the 50% divorce rate shortly after the example of the man in the group. Andrew Hacker is a political scientist of whom none of us know. Yet Tannen uses his studies as a prime example and the audience is almost forced to believe it through the appeal to authority. The name “political scientist Andrew Hacker” sounds official and business-like, as if the man must know what he is talking about. In the sentence immediately thereafter, a not-so-famous “sociologist Catherine Kohler” gets thrown on the table. Humans tend to respect facts or opinions from a person who works in a field they know nothing about. Many would agree that the students in the English 1310 class at some university in the far off land of Colorado would have absolutely no idea who these people are or what they are really talking about, but they would comply anyway and accept the “fact” that although these people are unknown, they must know what they are talking about.

Tannen not only hits the audience with appeal to authority, she gives specific examples of real people and how they had similar problem to the reader. She states some “facts” about the differences between boys and girls growing up and how the friendships then affect the marriages of today. “For women, as for girls, intimacy is the fabric of relationships, and talk is the thread from which it is woven. . .Boys’ groups are larger, more inclusive, and more hierarchical, so boys must struggle to avoid being the subordinate person in the group” (504). This immediately individualizes and triggers a reaction in the reader, spontaneously causing reminiscence of childhood to find parallelism with her statement. Soon enough, all males and females would come to agree with her statement, creating the whole essay even more interesting and applicable. To cause the exact same effect, she watched the videotapes of the obviously famous psychologist Bruce Dorval and stated that when the friends would talk to each other, the males and females were almost completely different. The females would face each other and give support for each other’s problems, but the males would rarely look at each other and would be satisfied with dismissing the other’s problem. Once again, the audience wonders if that applies to them, and sure enough, the essay is just that much more interesting. Tannen’s logos in the essay stands tall and almost forces the reader to believe what she has said to be true.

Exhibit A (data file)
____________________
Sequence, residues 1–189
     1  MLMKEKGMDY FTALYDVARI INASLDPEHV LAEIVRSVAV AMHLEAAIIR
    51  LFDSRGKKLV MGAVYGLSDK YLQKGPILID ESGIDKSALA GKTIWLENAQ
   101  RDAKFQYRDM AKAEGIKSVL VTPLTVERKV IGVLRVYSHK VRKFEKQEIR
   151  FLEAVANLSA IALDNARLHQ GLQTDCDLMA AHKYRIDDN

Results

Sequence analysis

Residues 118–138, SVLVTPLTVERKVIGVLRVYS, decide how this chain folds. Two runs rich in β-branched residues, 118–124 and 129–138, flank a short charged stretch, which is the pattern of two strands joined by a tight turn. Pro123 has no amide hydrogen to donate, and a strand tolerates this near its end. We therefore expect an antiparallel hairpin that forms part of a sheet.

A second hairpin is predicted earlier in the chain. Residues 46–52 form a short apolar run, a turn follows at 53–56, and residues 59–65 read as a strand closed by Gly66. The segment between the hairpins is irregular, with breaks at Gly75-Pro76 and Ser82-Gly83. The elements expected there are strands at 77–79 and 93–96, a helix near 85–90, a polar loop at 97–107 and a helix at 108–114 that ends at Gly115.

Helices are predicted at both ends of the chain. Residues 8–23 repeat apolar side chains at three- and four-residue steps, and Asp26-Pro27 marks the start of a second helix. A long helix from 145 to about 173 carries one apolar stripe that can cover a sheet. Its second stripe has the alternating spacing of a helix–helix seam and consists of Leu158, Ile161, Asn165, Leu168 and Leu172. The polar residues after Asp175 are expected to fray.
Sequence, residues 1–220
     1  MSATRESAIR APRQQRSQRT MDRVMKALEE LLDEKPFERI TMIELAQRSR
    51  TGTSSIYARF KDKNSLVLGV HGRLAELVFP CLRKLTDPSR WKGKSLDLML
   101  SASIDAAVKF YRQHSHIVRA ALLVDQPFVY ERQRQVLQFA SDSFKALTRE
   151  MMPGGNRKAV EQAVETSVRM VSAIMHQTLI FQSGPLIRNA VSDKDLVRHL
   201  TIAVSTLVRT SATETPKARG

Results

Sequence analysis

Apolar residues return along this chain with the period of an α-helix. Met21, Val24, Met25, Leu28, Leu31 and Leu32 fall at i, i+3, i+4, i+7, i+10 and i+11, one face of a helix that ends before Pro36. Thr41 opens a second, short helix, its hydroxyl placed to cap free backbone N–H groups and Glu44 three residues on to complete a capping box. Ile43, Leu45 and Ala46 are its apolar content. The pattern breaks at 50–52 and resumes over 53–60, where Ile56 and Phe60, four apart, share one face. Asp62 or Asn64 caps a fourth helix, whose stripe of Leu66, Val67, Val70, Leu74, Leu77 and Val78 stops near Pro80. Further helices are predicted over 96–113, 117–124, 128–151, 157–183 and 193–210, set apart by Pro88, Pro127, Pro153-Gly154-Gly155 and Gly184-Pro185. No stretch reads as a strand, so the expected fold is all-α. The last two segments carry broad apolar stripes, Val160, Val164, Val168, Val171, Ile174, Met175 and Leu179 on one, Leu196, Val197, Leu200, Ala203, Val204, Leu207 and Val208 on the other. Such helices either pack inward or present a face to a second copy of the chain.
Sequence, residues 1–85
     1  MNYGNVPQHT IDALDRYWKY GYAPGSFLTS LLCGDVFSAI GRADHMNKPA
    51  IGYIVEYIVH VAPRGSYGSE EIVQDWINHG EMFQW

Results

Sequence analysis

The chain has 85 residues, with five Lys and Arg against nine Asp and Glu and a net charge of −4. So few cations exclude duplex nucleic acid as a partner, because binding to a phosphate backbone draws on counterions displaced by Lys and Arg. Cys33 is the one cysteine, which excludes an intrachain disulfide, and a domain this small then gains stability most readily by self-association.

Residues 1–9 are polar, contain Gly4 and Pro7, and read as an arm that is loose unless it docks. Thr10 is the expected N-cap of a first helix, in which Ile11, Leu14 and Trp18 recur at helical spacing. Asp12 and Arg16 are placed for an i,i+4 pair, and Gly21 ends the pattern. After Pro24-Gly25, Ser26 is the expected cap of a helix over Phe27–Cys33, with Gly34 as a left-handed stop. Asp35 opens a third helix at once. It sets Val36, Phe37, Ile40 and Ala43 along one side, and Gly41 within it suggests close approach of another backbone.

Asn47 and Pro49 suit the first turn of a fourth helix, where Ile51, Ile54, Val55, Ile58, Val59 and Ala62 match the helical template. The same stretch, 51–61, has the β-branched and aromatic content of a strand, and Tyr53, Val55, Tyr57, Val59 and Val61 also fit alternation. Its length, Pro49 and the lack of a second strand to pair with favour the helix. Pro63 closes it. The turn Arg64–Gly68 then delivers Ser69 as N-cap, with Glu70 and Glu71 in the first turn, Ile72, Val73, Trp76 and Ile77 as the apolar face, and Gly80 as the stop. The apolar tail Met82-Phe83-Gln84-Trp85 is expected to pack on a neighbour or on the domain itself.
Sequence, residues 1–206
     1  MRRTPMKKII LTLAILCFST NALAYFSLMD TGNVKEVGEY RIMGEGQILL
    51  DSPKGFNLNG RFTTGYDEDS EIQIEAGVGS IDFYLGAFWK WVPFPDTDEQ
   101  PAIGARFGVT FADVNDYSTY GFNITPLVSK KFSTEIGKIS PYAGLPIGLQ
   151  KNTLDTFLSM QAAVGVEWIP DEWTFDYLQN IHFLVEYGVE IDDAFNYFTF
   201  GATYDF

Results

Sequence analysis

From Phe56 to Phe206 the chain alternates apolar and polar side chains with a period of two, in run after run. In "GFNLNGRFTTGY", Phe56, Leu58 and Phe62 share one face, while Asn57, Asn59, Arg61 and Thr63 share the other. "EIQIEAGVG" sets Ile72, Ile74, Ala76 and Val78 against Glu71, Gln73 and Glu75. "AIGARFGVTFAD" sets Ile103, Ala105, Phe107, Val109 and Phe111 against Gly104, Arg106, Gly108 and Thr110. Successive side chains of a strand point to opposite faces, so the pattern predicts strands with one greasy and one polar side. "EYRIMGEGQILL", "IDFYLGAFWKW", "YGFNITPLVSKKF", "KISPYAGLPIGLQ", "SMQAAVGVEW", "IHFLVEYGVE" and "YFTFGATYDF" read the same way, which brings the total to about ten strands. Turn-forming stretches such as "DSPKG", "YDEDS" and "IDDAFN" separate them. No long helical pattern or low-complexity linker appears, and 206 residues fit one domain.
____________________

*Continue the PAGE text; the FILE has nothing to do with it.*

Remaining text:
Tannen uses both techniques of pathos and logos very well; she can keep an entire essay interesting and keep the audience going without them even knowing it. Throughout her various logical examples, she subliminally inserts pathos into them as well in order to make the reader feel obliged to listen to her and to take her advice on communication with the opposite sex. The intended audience, anyone capable of a legitimate relationship, is sucked in through relatable examples. When Tannen brings up the videotapes of how females and males communicate with those of the same sex, the reader will always think and reminisce and realize that her studies are true, keeping the reader even more interested. This is through the pathos of feeling relieved that someone understands and there is a solution and the logos of her real-life examples and statistics.

Deborah Tannen draws the audience in through her various techniques of pathos and logos. The reader will feel all kinds of emotions throughout the text, including an appeal to the authority of other “acclaimed” scientists. After reading the essay, relief comes upon the reader because now he or she will know exactly what to do to avoid a divorce. Humans always wonder why so much difficulty resides in talking to their spouses, and Tannen freely explains the cause, effect, and solution in one short essay through the effects of pathos and logos. She draws the audience in, beats them with a bag of helpful information, then lets them go feeling better than ever. The essay indivualizes the readers, stirs up their emotions through a desire for happiness, statistics, and examples, then lets the reader wonder if the situations are applicable. Tannen successfully uses pathos and logos to prove her point.

Cited Sources
“How many words does the average human speak during a 24 hour period?.” Fun Trivia. N.p., 23 Jul 2008. Web. 18 Oct 2013.

Tannen, Deborah. Sex, Lies, and Conversation:Why is it so hard for men and women to talk to
each other?. 1st ed. Print.

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Sex, Lies, and Conversation. (2016, Oct 11). Retrieved from